Wednesday, 4th October 2017
Having recently completed school-based research on creating a culture of shared-learning and collaboration across departments within a faculty, I wanted to share with you some of the main outcomes as to whether this style of environment does have a positive influence on teachers’ professional development, progress and subsequently improve students’ academic performance.
The evidence I collected and analysed highlighted the importance of establishing a culture that primarily focuses on the professional relations developed amongst staff and, secondly, between staff and students. However, as all school leaders know, this can only be achieved through significant, meaningful and authentic engagement at all levels of the school structure – from the classroom to departmental meetings; from line management discussions to the development of professional communities.
Within the research I undertook the academic performance of students who are taught by teachers who were collaborative across a wider faculty achieved higher levels of academic progression compared to those students who are taught by teachers that have less of a collaborative network. This probably comes as no surprise to the most effective school leader. Nevertheless, initiating and sustaining interventions such as these, requires hard work and commitment from all levels of a faculty.
My research demonstrated that a faculty can build a change on culture, thereby establishing continual improvement, but the change management processes need to establish a moral purpose. Establishing a culture that motivates and challenges people from inaction to action is fundamental. This can easily be achieved through interaction; the sharing of success, failure and uncertainties; and through the flexibility of leadership utilising a variety of leadership styles. The latter point was an essential one throughout my research. Providing a leadership style that aligns all stakeholders around a culture that improves student outcomes by increasing teacher effectiveness requires a significant change management effort. Applying an holistic mechanism to facilitate that change is an important one as it brings departments in line with the team faculty. However, using a variety of styles and approaches is equally as important, as this enables teams to shift and develop goals quickly, primarily those focused on student learning and the growth of student, parental and staff mind-sets.
One of the main conclusions within the research was that it is essential for senior leadership teams to review and choose their approach carefully if they are to develop an effective culture. The importance of involving all staff cannot be underestimated.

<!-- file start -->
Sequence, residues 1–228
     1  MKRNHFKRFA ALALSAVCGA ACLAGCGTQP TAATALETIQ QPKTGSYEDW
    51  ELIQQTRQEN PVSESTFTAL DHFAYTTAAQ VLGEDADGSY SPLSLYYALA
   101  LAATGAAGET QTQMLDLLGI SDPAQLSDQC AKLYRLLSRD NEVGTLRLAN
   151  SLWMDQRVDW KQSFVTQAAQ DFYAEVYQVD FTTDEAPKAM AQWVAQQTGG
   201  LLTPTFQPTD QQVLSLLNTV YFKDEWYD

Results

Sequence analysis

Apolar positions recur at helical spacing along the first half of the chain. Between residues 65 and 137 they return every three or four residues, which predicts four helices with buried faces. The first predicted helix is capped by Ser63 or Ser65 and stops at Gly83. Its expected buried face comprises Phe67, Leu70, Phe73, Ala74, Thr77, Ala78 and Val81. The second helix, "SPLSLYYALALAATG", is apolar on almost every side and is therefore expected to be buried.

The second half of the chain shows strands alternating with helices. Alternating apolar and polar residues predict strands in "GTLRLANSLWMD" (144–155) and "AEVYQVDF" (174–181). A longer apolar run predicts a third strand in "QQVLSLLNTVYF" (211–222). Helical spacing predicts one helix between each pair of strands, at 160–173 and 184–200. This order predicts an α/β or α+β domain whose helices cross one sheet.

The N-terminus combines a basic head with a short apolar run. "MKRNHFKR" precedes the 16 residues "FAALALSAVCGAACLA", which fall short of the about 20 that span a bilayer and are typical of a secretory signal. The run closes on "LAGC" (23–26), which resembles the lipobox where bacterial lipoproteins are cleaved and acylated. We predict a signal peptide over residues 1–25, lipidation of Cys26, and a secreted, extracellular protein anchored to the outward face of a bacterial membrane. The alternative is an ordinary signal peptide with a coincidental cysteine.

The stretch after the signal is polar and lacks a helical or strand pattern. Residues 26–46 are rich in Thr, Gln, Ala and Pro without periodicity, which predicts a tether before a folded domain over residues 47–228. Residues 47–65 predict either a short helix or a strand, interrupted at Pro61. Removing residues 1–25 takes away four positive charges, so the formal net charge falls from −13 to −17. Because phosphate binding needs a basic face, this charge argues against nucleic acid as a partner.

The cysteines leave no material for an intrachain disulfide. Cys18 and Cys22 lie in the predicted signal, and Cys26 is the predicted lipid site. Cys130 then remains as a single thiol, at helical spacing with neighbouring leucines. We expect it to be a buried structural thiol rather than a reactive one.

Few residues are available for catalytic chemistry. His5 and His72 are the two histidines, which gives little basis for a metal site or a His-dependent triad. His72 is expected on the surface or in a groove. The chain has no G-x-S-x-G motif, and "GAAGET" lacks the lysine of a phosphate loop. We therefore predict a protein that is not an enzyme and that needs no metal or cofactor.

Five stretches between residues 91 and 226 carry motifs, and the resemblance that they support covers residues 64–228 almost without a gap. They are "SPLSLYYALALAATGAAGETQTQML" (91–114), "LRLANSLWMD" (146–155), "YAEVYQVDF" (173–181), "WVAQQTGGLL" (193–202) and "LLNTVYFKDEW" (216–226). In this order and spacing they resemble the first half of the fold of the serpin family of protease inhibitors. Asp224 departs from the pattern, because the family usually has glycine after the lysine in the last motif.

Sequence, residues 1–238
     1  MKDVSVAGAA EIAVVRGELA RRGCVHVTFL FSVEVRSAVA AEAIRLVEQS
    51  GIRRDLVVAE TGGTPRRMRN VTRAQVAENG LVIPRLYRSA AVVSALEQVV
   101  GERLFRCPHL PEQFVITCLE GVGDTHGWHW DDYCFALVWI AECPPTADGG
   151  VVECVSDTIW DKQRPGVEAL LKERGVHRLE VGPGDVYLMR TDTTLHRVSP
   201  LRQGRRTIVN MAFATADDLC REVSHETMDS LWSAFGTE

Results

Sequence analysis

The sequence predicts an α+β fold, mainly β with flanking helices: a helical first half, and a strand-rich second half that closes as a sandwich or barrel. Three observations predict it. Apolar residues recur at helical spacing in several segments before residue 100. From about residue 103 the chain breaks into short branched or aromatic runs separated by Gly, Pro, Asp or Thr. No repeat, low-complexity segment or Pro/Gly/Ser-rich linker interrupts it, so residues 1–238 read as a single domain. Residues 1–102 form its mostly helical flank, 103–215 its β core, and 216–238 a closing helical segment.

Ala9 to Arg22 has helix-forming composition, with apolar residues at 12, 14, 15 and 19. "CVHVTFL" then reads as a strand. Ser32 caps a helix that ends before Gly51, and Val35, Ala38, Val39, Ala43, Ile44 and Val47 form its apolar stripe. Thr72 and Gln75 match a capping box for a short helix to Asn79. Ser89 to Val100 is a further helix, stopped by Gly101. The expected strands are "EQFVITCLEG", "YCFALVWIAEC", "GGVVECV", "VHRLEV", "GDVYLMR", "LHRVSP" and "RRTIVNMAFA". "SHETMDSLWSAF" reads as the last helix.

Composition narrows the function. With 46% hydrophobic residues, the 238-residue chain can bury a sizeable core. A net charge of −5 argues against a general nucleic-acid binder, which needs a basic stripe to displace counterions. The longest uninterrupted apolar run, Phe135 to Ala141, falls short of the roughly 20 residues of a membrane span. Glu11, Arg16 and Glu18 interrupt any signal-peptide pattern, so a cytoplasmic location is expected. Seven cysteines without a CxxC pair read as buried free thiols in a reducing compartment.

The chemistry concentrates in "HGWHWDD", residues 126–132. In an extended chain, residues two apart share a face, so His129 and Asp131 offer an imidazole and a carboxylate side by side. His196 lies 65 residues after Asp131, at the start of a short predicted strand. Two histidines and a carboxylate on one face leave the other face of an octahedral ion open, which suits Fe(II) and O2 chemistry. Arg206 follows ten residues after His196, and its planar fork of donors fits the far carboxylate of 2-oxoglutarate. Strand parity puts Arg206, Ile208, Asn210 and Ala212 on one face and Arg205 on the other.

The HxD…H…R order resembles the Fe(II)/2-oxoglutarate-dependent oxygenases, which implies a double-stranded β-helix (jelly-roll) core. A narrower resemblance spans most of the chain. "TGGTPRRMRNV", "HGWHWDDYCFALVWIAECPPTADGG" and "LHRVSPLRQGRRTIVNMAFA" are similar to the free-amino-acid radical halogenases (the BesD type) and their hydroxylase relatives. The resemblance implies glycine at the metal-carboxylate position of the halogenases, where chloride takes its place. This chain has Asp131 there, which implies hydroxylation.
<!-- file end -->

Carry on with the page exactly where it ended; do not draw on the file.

Nevertheless, it should be noted that this is not a linear process. Understanding change, the successful building of relationships within teams and the importance of subject knowledge adds to the complexity of this journey. Creating a roadmap of all initiatives and strategically making decisions about priorities is important. Motivating teams and staff contributes significantly to moving from a culture based on compliance to one driven by high performance. Therefore, designate staff to track milestones, identify issues and assign the right people to implement the strategies. Determine what can be stopped or delayed based on resource constraints.
Those engaged on school improvement must place an importance on exhorting teaching staff to question and probe their surroundings, by looking for practice and attitudes that are barriers to developing positive education practices. Focusing on improving the culture of a department and school may be challenging for some, but the results generated within my research demonstrates that by focusing on this area, enhancing student academic performance can be achieved.
As Skinner (1965) discussed, when what we have taught has been forgotten, what remains will be the cultures and behaviours we experienced. The evidence within my research highlights that the importance of creating a positive and collaborative educational climate cannot be underestimated. It is important that teaching staff work together in order to achieve this collective purpose of learning for all and that consistency amongst staff is also important and the mechanisms of professional development within the classroom setting should always be placed at the forefront of school improvement.
If you would like a full copy of my research, please email me at firstname.lastname@example.org and I will be happy to share this with you.
Partner – Castles Education